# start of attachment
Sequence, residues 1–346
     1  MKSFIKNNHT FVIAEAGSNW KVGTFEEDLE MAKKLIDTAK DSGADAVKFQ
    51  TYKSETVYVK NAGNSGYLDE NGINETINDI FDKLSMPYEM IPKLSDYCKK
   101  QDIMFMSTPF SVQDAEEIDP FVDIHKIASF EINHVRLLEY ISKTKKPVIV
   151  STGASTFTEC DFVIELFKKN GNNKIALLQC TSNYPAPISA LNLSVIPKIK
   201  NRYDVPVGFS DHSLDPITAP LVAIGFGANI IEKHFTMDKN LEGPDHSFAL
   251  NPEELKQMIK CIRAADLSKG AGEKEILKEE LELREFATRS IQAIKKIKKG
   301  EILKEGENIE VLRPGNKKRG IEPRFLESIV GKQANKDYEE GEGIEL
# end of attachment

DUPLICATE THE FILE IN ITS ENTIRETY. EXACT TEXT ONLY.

Sequence, residues 1–346
     1  MKSFIKNNHT FVIAEAGSNW KVGTFEEDLE MAKKLIDTAK DSGADAVKFQ
    51  TYKSETVYVK NAGNSGYLDE NGINETINDI FDKLSMPYEM IPKLSDYCKK
   101  QDIMFMSTPF SVQDAEEIDP FVDIHKIASF EINHVRLLEY ISKTKKPVIV
   151  STGASTFTEC DFVIELFKKN GNNKIALLQC TSNYPAPISA LNLSVIPKIK
   201  NRYDVPVGFS DHSLDPITAP LVAIGFGANI IEKHFTMDKN LEGPDHSFAL
   251  NPEELKQMIK CIRAADLSKG AGEKEILKEE LELREFATRS IQAIKKIKKG
   301  EILKEGENIE VLRPGNKKRG IEPRFLESIV GKQANKDYEE GEGIEL